Extremists in Guy Fawkes masks, Code Pinkers and "professional anarchists," have camped out in New York City to protest Wall Street, greed and the capitalist system. Through social media the first protest in New York's financial district has sparked copycat protests in more than a hundred cities. In a video posted on The Blaze, organizer Nelini Stamp made it clear that what she wants is "to change the capitalist system that we have today because it's not working for any of us." Moments later she said the conversation needed to begin about how "to reform and bring, you know, sort of revolutionary change to the States." She also labeled the OWS events part of a "new age radical movement."

Yet you're unlikely to hear about that from the liberal national news media, who have ignored the radical leftist underpinnings of the movement in nearly 9 out of 10 stories thus far.

By NB Staff | October 11, 2011 | 9:39 AM EDT

The Nobel Prize for Economics was just awarded to two American economists who have separately researched the flaws in government stimulus spending, a blow to the Keynesian policies of Obamanomics.

Do you think this is a temporary bout of sanity? Or do you think it's a sign of something larger, given the collapse of statism in Greece and the United Kingdom, for example? Let us know your thoughts in the comments.

By Brent Baker | October 11, 2011 | 8:07 AM EDT

So enthused about promoting the far-left protests, ABC anchor Diane Sawyer on Monday night's World News championed “the Occupy Wall Street movement” by ludicrously claiming that “as of tonight, it has spread to more than 250 American cities, more than a thousand countries -- every continent but Antarctica.”

Protests against the wealthy in “thousands of countries,” including Cuba, China and every country in Africa? Per the U.S. State Department, however, there are only 195 nation states in the world, so Sawyer imagined five times as many protests as could possibly have occurred. (Video below)

By Tim Graham | October 11, 2011 | 7:56 AM EDT

Tonight's GOP presidential debate (hosted by The Washington Post and Bloomberg TV) is moderated by longtime PBS late-night host Charlie Rose. His show has been touted as a "national salon," but it's a very cozy place for liberal media elites. Conservatives are not regulars. The most frequent guests include his journalist buddy Al Hunt (with 79 appearances), who now works at Bloomberg, and New York Times columnist Thomas Friedman (74 appearances). Most of the GOP contenders have never been on Rose's PBS show. (Gingrich and Romney have. It's not shocking that the only one to appear in the last four years was Jon Huntsman, last December.)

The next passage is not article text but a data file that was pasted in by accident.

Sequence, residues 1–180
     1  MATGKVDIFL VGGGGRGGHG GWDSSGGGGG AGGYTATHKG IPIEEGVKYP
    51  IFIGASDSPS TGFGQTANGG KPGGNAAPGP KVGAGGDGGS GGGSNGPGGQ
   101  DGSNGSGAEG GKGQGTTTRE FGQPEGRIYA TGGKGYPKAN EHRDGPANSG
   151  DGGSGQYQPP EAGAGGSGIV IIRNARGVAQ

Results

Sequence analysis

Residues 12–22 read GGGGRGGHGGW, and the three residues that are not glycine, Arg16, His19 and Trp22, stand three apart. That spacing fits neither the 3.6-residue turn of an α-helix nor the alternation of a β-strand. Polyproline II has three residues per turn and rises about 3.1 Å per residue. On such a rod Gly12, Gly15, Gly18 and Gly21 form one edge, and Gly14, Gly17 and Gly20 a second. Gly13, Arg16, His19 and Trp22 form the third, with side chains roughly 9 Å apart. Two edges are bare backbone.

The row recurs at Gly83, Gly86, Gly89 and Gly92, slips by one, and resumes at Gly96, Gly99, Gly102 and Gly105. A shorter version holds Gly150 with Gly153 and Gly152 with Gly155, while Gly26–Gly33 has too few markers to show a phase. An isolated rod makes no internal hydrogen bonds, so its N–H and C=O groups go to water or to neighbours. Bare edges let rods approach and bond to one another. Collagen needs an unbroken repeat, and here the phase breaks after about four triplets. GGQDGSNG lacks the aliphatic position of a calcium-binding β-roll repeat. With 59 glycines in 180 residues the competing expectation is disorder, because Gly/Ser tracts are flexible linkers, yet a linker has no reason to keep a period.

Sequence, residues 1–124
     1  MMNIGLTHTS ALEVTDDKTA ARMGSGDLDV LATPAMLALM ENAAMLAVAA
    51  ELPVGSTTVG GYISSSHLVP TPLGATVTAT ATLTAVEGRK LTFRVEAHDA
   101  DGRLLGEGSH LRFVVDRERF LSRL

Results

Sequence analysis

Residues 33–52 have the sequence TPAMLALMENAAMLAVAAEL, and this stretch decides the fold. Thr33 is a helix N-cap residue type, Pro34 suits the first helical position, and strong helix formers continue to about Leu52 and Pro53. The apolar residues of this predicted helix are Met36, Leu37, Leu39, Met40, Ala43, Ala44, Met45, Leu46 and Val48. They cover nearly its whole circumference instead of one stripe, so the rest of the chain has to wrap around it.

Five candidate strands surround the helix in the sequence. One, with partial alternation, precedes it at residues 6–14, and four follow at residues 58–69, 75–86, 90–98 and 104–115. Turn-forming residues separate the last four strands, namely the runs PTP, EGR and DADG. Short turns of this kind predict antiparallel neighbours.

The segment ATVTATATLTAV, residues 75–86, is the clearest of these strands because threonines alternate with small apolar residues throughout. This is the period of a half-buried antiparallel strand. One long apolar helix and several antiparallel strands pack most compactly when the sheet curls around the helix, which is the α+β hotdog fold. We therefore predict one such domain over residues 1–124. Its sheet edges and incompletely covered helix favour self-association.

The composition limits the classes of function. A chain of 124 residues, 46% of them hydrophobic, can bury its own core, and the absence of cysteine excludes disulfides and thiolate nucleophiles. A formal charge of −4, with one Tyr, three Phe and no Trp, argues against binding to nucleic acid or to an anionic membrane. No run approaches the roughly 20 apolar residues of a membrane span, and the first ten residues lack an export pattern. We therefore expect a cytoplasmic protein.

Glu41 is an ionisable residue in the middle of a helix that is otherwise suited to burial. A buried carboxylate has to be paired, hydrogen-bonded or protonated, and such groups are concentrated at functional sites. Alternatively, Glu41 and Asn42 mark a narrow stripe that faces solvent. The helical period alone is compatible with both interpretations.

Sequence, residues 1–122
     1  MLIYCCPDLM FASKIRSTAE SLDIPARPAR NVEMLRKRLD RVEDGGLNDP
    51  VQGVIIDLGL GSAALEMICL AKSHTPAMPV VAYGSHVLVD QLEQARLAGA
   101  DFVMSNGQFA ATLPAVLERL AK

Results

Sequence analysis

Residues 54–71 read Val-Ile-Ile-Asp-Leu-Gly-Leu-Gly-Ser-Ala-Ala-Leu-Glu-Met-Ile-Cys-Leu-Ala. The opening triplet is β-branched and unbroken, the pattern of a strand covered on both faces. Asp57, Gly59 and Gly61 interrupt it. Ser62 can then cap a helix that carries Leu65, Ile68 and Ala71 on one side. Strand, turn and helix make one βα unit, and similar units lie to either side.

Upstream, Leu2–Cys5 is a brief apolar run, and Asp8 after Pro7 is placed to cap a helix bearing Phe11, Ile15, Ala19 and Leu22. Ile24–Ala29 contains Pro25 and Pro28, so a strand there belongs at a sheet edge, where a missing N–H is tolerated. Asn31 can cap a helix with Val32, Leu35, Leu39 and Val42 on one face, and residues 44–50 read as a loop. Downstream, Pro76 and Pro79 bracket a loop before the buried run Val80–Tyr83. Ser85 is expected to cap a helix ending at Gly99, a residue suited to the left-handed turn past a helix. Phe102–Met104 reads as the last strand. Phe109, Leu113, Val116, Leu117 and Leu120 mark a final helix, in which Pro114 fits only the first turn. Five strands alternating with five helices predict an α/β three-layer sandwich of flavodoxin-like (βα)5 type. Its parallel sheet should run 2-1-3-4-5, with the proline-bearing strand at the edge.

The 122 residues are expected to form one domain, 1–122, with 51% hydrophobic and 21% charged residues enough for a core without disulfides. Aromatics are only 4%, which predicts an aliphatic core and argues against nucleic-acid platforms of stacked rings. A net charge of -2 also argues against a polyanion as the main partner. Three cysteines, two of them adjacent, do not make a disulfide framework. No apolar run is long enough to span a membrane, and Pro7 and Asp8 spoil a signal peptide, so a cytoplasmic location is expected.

Rose has been notoriously fawning with some major Democratic figures, including the Clintons, and perhaps most energetically with Al Gore. In a cozy 2007 interview taped inside a supportive liberal bubble at the 92nd Street Y in New York, Rose offered testimony of how correct Gore was on the issues and how graciously he accepted defeat in 2000 (apparently after the six-week marathon of legal battles). The experts Rose quoted on this matter were two liberal columnists from The Washington Post and a liberal venture capitalist:

By Brad Wilmouth | October 11, 2011 | 7:26 AM EDT

Appearing as a guest on Monday's Piers Morgan Tonight on CNN, singer Tony Bennett declared that President Obama is the "greatest accomplishment that the United States ever came up with," and expressed admiration for the President whom he labeled as "more than intelligent."

A bit later, when asked by host Piers Morgan whether he believed war was ever "justified," with Morgan specifically asking if it was "imperative" to "defend yourselves" against Adolf Hitler in spite of the "collateral damage," Bennett, a World War II veteran, was not so sure:

By Brad Wilmouth | October 11, 2011 | 5:32 AM EDT

While morning and evening newscasts from all three broadcast networks in the last few days have focused on anti-Mormon sentiment within the Republican Party that may hinder Mitt Romney's bid for the presidency, FNC's Special Report with Bret Baier on Monday noted that self-identified Republican voters are substantially more willing to accept a Mormon President compared to Democrats.

FNC correspondent Carl Cameron observed that Democrats are "least tolerant" compared to Republicans and independents as he recounted the findings of a Quinnipiac poll:

By Noel Sheppard | October 11, 2011 | 1:28 AM EDT

As NewsBusters reported, Harry Belafonte and Princeton Professor Cornel West said some disgraceful things about Republican presidential candidate Herman Cain Monday.

Appearing on Fox News's "Hannity" show, Cain replied, "The only tactic that they have to try and intimidate me and shut me up is to call me names" (video follows with transcript and commentary):